Ericadriver_10By Erica Driver with Henry Dewing

In early December I blogged about my first experience using the Microsoft RoundTable video conferencing solution for a multi-hour meeting in which I was a remote participant. That meeting was a one-way video and Web conferencing experience . I didn’t have a Web cam at my desk. I could see the participants in the main conference room but they couldn’t see me. My takeaways after this meeting were that I could concentrate better than I had been able to in similar meetings where I didn’t have the video stream from the conference room; I felt connected to the others even though we weren’t together in the same room; and non-verbal communication had been preserved. I was so excited about my experience that I went out and purchased a Web cam, thinking that two-way video would enrich my remote meetings even further.

A few weeks later I had another multi-hour conference call during which we used Microsoft RoundTable and Live Meeting. I hooked up my shiny new Logitech Web cam and it all went downhill from therer. Being a newbie with Web cam-based video conferencing, I found that having a camera on my end felt highly unnatural and significantly detracted from, rather than added to, my experience in the meeting. Here’s why, and what my colleague Henry Dewing, who covers video conferencing for technology product management and marketing professionals, has to say about it:

·         I spent too much mental energy paying attention to whether – and how – other participants could see me. Maybe this is due to being a Web cam newbie, but I wasted way too many brain cycles making sure that the participants in the main conference room could see me okay and that I was communicating with them visually. I could see my own video stream in a little corner of my screen, which was very distracting. I tried to regularly look up at my Web cam to anyone who was looking at my video stream that I was listening and interested — which took my eyes off the materials we were discussing and my keyboard where I was taking notes and focused my attention on the 2-inch black sphere of my camera. And I had to remember to close the privacy shade on my camera while I was eating lunch (which didn’t synchronize with the others’ lunch break due to a 3-hour time difference). Henry’s recommendations: if you are a remote participant using a Web cam, turn off your view of your own video stream.  And remember that the views you have of those in the main conference room are not always head on and that is okay because it is normal in a meeting – the same is true for others’ view of you. Also, practice a bit with your Web cam beforehand so that you don’t choose poor camera angles, weak lighting, or sub-optimal audio configurations.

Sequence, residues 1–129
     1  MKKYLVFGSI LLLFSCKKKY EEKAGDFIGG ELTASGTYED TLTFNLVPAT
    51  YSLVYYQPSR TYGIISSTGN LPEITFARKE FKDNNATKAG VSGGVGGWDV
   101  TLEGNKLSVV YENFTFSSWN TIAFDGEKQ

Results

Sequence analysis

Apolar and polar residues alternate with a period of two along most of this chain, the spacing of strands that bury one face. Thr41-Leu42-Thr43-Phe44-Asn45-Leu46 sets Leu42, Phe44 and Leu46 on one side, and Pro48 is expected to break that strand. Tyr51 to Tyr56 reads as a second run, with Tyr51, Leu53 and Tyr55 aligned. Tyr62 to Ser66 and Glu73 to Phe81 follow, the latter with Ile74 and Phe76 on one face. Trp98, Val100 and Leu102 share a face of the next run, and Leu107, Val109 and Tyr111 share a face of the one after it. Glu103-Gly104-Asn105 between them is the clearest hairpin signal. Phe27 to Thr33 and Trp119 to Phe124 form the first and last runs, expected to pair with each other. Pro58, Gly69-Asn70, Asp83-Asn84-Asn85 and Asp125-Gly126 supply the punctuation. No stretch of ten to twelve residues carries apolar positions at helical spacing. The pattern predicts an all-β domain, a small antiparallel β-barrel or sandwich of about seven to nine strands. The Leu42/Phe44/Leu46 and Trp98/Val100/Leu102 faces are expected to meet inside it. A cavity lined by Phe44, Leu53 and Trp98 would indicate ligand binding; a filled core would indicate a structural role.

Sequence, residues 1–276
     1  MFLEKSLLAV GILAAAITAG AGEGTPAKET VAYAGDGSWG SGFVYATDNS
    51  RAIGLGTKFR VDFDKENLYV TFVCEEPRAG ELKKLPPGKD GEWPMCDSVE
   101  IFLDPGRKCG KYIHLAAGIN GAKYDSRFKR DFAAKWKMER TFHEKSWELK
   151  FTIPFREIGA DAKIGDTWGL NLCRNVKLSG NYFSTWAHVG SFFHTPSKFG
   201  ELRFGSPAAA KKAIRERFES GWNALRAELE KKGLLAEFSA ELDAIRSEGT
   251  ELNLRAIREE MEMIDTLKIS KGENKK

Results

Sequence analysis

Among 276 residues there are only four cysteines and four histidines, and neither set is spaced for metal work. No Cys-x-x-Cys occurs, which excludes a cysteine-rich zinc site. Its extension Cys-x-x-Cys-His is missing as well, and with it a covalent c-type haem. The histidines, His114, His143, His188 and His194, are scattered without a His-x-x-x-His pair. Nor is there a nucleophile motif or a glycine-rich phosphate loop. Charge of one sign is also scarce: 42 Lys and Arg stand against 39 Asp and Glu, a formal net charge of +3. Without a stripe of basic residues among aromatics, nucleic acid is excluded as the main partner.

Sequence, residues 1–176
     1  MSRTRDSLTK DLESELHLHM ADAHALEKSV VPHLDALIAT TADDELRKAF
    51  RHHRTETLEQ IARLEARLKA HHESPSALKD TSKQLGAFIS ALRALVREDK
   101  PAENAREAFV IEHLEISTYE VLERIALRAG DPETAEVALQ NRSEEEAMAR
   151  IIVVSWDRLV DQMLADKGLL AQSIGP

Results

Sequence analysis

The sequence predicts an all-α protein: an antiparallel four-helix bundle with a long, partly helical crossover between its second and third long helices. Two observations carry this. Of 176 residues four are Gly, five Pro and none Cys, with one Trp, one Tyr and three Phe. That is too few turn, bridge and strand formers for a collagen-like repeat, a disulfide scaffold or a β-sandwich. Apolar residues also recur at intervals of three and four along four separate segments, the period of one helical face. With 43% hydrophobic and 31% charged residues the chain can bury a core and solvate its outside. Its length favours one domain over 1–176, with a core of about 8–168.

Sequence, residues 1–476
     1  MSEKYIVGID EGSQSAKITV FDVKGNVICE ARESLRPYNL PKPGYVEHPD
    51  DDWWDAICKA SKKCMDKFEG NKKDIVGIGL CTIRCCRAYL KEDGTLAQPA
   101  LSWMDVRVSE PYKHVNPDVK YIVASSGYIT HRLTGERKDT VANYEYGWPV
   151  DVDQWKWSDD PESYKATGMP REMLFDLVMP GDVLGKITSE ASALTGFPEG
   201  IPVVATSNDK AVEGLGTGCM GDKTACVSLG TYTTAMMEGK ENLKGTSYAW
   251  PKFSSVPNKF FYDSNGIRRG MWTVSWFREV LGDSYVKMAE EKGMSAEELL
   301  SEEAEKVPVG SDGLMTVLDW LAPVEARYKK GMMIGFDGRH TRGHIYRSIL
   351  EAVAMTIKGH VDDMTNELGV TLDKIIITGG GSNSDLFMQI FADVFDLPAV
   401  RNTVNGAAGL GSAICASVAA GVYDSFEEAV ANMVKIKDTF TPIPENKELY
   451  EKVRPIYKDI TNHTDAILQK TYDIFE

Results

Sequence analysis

·         When presenting, I didn’t have the benefit of seeing my slides or the audience. I had a harder time presenting my material than I otherwise would have because while I was talking I wasn’t looking at either the other participants or my slides – I was looking at a camera. My memory stinks so I found this to be quite hard. Even though the camera was just above the top of my laptop screen, when I glanced at my keyboard or computer screen, the other participants saw me with my head down.

·         Eye contact was impossible. In order to appear to the other participants like I was making eye contact with them I had to look into my camera. This might be second nature for a fashion model or movie star but it sure wasn’t for me. And when I was looking into the camera, I couldn’t look at the video images of the other participants on my screen – so I couldn’t even get the illusion of approximated eye contact, which was distracting.

·         The technology didn’t work seamlessly. Another remote participant had trouble viewing the video stream from my Web cam as well as the video streams from the conference room at the same time. Sometimes it worked and sometimes it didn’t. And at one point in the meeting I could see via the little panoramic image of the conference room that my video image had mysteriously blown up to way bigger than life size – my face was taking up the whole projected screen in the main conference room. The on-site team was able to fix it in a few seconds, but it was a little bit disconcerting. Henry’s recommendation: make sure you set up all the network stuff ahead of time. Get the Web conference, audio bridge, and video conferencing devices all synched up so communication is seamless.

I’ll try it again – this was just my first attempt – but probably not for important, multi-hour meetings with clients where I have to simultaneously view presentation materials, participate in a multi-party voice conversation, take notes on my computer, and perhaps view a video stream coming out of the main conference room. At the very least, I’ll turn off the ability to view my own video stream. Both users like me and according to Henry vendors that offer technologies for video conferencing are on the steep end of the learning curve and that that may inhibit usability for the short term.